public void Photograph()
public void Photograph()

A dad and a software architect with a passion for photography and music. These are my thoughts and opinions, sometimes accompanied by code and photos.

A proud father, enthusiastic guitarist and passionate software engineer, geeking out in the cloud. Briefly a Microsoft MVP for Azure before forfeiting the title when I joined Microsoft UK.

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Sessionless notification in ASP.NET MVC

When running web applications, you typically want to inform the user of results - success or failure of their actions. This involves failures to login, error me…

Anže VodovnikAnže Vodovnik

When running web applications, you typically want to inform the user of results - success or failure of their actions. This involves failures to login, error messages, completion results and many other stuff the application needs to communicate. The usual scenario, to simplify just a little bit, usually goes like this:

In this case it's pretty straightforward to cover the notification. You basically just need a simple NotificationService that has a basic repository, a Stack<> if you will, that holds messages. Using Dependency injection you then pass this notification service around and when the service layers performs something, it calls the service's AddNotificationmethod. In your master page, you simply put this into the area where you want notifications:

 

1: @{`` 2: NotificationMessage message = null;`` 3: while ((message = NotificationService.PopNotificationMessage()) != null)`` 4: {`` 5: <divclass="alert-message @message.Type">`` 6: <aclass="close"href="#">×</a>`` 7: <p>@Html.Raw(message.Message)</p>`` 8: </div>`` 9: }`` 10: }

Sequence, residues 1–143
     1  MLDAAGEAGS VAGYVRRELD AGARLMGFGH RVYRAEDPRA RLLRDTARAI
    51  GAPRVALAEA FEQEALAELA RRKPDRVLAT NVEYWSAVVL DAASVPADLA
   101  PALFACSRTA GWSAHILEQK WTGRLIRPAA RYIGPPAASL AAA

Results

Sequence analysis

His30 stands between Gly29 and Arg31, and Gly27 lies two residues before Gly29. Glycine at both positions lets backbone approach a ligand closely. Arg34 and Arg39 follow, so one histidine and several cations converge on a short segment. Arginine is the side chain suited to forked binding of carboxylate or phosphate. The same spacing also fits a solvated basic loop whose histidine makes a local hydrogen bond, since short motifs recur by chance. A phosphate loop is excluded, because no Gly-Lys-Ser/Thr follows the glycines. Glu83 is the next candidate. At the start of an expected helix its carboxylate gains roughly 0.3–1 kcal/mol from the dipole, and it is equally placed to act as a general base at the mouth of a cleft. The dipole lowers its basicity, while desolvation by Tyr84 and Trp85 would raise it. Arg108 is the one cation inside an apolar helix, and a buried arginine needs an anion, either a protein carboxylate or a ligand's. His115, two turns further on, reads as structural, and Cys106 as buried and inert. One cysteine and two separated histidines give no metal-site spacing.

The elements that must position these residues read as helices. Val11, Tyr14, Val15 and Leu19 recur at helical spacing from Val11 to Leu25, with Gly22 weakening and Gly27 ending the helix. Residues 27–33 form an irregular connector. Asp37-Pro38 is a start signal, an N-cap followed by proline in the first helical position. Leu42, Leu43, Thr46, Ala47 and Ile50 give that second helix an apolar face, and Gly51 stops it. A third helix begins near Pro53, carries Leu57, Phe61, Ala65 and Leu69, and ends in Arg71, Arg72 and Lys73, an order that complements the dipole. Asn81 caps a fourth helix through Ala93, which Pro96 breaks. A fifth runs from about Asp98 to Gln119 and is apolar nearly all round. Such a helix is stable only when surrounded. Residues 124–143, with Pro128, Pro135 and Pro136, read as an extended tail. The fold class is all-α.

If there are notifications waiting in your stack, they will display in the application. If there aren’t no problem, nothing gets rendered. But what happens when, instead of simply returning the result, like pictured above, the application needs to redirect the user. This is frequent and is considered best practice with form submissions. Because this implies a new request, my simple stack from above got cleared.

 

The first approach most web developers, especially .NET (ASP.NET & MVC) developers, think of involves using sessions. Sessions however, have one big problem – they don’t do well on multi-server installation without using a session state provider, like MSSQL. This usually means complications, it involves some performance penalty and implies you need a MSSQL database. If you’re hosting your application in the cloud, for example on Windows Azure you may want to do things differently. Specifically, you probably don’t want sessions. Heck, you may not even want a relational database (not that that is always a good idea). So what choices do you have?

 

After some brainstorming I came up with a solution a couple projects ago that fits my needs. It uses something that gets passed around for each request and that the developers have access to – HTTP cookies! It turns out that, when your application request ends, you can write the cookies and read them when the request is made the next time.

 

So, let’s code up a quick proof of concept. We’ll start with a simple, empty ASP.NET MVC 3 application. For this to work, we need a way to hook-up to the request events, specifically the start and end of a request. The easiest way is the WebActivator Nuget package that’s available.